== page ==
This drawing my daughter did totally on her own. We both agreed it looks like a fish, so with her permission I decided this is a good chance to quote a bit from the book of Yonah (2:1)—
And the LORD prepared a great fish to swallow up Jonah; and Jonah was in the belly of the fish three days and three nights.
What was Yonah (Jonah) doing in that fish? Well, he didn’t listen to God, he tried to run away, ended up on a boat with a bunch of sailors, confessed to running from God, got thrown overboard, and got swallowed up by this fish. Luckily, prayer works, or it did for him, in any case, so he got saved. And he did what he was supposed to do in the first place, which was to go to Nineveh and tell them that they weren’t behaving themselves. The Nineveh folk luckily got the message and repented.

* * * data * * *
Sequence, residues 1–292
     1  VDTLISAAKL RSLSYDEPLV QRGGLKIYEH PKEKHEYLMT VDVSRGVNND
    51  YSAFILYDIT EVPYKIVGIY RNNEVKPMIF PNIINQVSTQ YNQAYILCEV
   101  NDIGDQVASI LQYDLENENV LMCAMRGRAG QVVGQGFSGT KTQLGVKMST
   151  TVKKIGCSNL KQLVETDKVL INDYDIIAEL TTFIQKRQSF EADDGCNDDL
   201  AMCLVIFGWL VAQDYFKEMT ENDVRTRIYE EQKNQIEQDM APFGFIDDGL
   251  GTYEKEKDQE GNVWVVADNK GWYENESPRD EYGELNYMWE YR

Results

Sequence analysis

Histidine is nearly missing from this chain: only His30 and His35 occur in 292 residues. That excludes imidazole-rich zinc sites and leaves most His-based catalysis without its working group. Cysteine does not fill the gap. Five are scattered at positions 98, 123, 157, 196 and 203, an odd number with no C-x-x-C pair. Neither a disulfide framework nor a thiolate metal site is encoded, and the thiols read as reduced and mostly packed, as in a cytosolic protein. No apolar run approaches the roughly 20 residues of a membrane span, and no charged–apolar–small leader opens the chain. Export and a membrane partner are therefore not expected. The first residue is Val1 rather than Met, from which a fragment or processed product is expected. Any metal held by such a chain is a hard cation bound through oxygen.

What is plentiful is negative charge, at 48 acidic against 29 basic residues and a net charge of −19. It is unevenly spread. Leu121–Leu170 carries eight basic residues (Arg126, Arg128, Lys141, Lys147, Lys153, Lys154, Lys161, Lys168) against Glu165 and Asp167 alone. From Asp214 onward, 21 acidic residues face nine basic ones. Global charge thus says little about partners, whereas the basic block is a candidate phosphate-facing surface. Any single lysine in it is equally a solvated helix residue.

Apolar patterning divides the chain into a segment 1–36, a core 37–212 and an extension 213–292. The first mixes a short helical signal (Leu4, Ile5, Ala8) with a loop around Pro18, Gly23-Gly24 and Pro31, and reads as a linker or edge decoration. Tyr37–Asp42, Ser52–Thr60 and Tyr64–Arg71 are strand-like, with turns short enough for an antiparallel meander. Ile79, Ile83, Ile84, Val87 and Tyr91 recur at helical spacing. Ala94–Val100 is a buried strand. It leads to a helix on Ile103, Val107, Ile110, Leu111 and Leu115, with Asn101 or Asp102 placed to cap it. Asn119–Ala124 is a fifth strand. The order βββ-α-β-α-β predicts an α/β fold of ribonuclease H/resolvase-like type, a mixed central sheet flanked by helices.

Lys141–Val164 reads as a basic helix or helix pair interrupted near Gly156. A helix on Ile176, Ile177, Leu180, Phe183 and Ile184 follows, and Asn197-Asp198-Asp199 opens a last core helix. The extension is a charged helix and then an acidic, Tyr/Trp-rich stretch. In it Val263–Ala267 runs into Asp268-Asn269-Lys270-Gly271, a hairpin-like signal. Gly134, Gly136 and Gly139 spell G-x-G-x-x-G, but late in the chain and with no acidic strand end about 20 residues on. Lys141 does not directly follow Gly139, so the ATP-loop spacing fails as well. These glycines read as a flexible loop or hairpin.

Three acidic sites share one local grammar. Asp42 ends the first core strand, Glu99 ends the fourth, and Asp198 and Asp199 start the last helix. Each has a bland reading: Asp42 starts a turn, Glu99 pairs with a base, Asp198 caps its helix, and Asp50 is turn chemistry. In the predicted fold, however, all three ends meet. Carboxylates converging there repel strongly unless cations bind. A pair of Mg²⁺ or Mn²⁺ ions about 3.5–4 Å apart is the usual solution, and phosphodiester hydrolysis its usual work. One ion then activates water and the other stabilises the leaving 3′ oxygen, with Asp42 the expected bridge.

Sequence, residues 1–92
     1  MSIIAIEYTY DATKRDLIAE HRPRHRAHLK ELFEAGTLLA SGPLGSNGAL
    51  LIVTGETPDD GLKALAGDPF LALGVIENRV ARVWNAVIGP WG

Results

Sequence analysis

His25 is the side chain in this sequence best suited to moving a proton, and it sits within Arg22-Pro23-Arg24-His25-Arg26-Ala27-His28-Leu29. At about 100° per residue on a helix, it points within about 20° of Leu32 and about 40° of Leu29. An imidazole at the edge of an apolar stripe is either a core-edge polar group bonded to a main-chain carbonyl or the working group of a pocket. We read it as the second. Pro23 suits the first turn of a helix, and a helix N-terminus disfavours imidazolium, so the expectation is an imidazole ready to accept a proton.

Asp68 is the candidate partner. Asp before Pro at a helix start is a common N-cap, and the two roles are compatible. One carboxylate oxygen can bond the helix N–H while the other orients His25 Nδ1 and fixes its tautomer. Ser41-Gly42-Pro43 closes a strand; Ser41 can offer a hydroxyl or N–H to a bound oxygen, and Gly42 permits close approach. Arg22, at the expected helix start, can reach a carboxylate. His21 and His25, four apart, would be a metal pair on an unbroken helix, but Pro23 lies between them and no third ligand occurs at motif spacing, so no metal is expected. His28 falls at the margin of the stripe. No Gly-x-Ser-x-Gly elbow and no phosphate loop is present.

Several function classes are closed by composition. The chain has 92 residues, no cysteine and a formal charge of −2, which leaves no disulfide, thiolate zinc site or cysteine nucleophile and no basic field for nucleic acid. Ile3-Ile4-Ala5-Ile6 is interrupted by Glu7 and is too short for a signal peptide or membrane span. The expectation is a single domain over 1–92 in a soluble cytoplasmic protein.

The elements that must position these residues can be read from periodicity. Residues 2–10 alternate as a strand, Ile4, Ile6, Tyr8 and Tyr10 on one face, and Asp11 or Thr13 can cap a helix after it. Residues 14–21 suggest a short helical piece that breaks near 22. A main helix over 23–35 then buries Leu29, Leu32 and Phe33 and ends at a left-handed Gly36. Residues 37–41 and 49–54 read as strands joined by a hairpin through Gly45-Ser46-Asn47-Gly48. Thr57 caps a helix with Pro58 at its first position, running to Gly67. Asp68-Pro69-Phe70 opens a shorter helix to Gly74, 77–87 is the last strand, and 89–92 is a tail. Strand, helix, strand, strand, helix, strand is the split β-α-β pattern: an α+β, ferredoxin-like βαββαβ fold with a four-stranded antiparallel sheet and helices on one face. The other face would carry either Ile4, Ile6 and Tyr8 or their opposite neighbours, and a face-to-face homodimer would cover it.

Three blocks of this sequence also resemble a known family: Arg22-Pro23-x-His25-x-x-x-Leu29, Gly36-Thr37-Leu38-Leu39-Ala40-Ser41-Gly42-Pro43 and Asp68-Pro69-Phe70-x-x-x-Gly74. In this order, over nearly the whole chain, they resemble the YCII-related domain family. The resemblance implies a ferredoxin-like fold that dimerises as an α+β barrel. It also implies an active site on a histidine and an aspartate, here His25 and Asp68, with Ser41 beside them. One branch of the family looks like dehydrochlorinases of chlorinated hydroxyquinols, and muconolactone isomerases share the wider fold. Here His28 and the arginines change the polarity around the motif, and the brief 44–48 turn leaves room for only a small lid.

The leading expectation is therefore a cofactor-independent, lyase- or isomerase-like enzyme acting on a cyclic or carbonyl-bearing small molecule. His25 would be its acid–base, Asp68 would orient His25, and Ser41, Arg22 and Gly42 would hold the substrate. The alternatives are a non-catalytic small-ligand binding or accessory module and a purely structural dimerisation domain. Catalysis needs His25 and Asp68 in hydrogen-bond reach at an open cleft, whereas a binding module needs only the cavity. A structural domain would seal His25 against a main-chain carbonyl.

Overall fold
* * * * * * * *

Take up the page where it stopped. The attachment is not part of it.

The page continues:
We read the book of Yonah in the afternoon on Yom Kippur. Why? Because it teaches us about repentance.
It is also important for the students to understand that argument can and should be a positive concept. The Talmud is full of makhlokot [arguments] and through these discussions the halakha developed. Yonah’s argument with God, as we will see, was a makhloket leshem shamayim [an argument for the sake of God], and through it our understanding of God is increased.
I like the idea of teaching students the value of a good argument.